Audioengine is known for its audiophile-centric approach to affordable speakers for computers and the rest of your home, but less so for portable Bluetooth models. And unlike the rest of its product lineup, the $169 Audioengine 512 employs digital signal processing (DSP), which is almost a given for a portable Bluetooth speaker this size, but still uncharted territory for the Austin-based audio company. Luckily, the DSP doesn’t squash the dynamics, and there’s a genuine sense of bass richness, balanced with excellent clarity in the highs. Keep in mind the 512 isn’t water resistant, a choice the Audioengine says is based on a sonics-first approach to the design. So this isn’t necessarily the speaker to take on a hike or sit by the pool with, but it’s perhaps the closest audiophiles will get to a sub-$200 portable Bluetooth model.
Measuring 3.0 by 7.8 by 3.0 inches (HWD) and weighing in at 2.5 pounds, the pill-shaped 512 is available in black or military green models. The front face is all curved speaker grille, with dual 2-inch drivers beneath it, driven by a class-D amplifier for a combined 20-watt output. The drivers, which have a frequency range of 60Hz to 20kHz, are aided by a 3.0-by-1.8-inch passive radiator that projects out the rear grille of equal size.
Across the top panel, there are controls for play/pause, aux input, volume down/up, Bluetooth pairing, and power. Battery status LEDs are located to the left of the power button. A covered port on the left side of the speaker houses a 3.5mm input and a micro USB port. Audioengine includes a micro USB charging cable of generous length, but no cable for the aux input. And despite the covered ports, the 512 has no IP rating and isn’t water resistant. On the lower panel, four rubber feet keep the speaker from moving around on tabletops.
What’s missing? There’s no speakerphone functionality, which is usually more or less a given in this price range and category. And there’s a lanyard loop on the right panel, but no included lanyard.
Audioengine estimates the 512‘s battery life to be roughly 12 hours, but your results will vary with your mix of wired and wireless playback, as well as your volume levels.
The 512‘s DSP is notably light, meaning it isn’t going to squash the dynamics of tracks at top volumes. The trade-off here is that, at maximum volumes on tracks with intense sub-bass content, like The Knife’s “Silent Shout,” there’s going to be some minor distortion. At more moderate volume levels, the distortion disappears, but if most of your music has seriously deep bass in it, the 512‘s DSP takes a hands-off approach that may not suit your needs.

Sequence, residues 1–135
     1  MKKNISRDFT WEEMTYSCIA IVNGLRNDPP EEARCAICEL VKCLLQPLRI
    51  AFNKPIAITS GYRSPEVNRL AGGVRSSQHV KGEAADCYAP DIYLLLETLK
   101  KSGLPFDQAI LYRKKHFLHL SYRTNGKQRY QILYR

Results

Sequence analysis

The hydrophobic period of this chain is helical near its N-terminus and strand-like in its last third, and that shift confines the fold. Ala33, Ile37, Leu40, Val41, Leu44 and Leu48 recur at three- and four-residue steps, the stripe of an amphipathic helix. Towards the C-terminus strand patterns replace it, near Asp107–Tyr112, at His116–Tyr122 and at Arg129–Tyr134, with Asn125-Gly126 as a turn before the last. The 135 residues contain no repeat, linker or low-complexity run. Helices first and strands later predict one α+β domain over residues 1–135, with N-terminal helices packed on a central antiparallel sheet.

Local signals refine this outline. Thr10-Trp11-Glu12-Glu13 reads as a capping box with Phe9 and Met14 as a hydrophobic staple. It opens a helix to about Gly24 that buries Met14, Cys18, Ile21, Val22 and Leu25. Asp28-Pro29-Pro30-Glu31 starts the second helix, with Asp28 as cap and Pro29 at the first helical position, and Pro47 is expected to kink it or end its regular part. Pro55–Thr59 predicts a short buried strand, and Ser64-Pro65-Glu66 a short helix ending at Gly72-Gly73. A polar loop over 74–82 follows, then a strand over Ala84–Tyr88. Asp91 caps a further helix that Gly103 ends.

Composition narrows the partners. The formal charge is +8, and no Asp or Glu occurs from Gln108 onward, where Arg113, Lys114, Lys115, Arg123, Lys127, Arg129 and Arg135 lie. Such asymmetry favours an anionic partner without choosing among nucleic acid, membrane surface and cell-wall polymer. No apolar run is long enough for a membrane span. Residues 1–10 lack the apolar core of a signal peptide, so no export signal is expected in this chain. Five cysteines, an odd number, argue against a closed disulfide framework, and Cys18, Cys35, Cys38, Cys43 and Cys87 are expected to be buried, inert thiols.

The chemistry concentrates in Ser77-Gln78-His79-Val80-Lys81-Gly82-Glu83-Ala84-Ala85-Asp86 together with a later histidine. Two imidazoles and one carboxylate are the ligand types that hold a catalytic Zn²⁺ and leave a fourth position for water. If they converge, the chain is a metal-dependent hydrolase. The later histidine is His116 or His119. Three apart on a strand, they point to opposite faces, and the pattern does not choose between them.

Bill Callahan’s “Drover,” a track with far less deep bass in the mix, gives us a better sense of the 512’s general sound signature. The drums on this track sound fantastic—full, round, and with some heft to them without ever sounding overly boosted in the lows. Callahan’s rich baritone vocals get plenty of low-mid presence, but the mix also receives an ideal high-mid and high-frequency presence—things are bright detailed and anchored by the solid bass depth. This is a balanced sound signature, and the 512‘s DSP is almost unnoticeable here—the track sounds full and dynamic.
On Jay-Z and Kanye West’s “No Church in the Wild,” the kick drum loop receives an ideal high-mid presence, allowing its attack to retain its punchiness. The sub-bass synth hits that punctuate the beat are delivered with a solid bass depth, but nothing like you’d hear if there were powerful, active woofers or subwoofers in play. Generally speaking, the drum loop seems to get the most bass presence, while the vocal performances are delivered cleanly and clearly, with no real added sibilance.
Orchestral tracks, like the opening scene from John Adams’ The Gospel According to the Other Mary, sound excellent through the 512. The DSP seems to almost take a rest, and the richness in the lows graces the lower-register instrumentation with some subtle, extra presence, but nothing that sounds even remotely unnatural. The spotlight still belongs to the higher register brass, strings, and vocals—again, the sound signature is about balance and detail.
If you’re looking for booming bass, the Audioengine 512 is not for you. Instead, this is the portable Bluetooth speaker for those seeking a solid balance between lows and highs, and—more than anything else—clarity. The EQ sculpting is not as obvious here as it is with much of the competition, nor is the dynamic compression and limiting that kicks in at higher volumes—this is the thinking listener’s DSP.
That said, the 512 isn’t without some minor issues—there’s some distortion on deep bass tracks at top volumes (the trade-off of hands-off DSP), and the lack of water resistance is bound to give some potential buyers pause. The Audioengine 512 isn’t perfect, but it’s a solid debut for Audioengine in heretofore uncharted territory.
Read the full review here.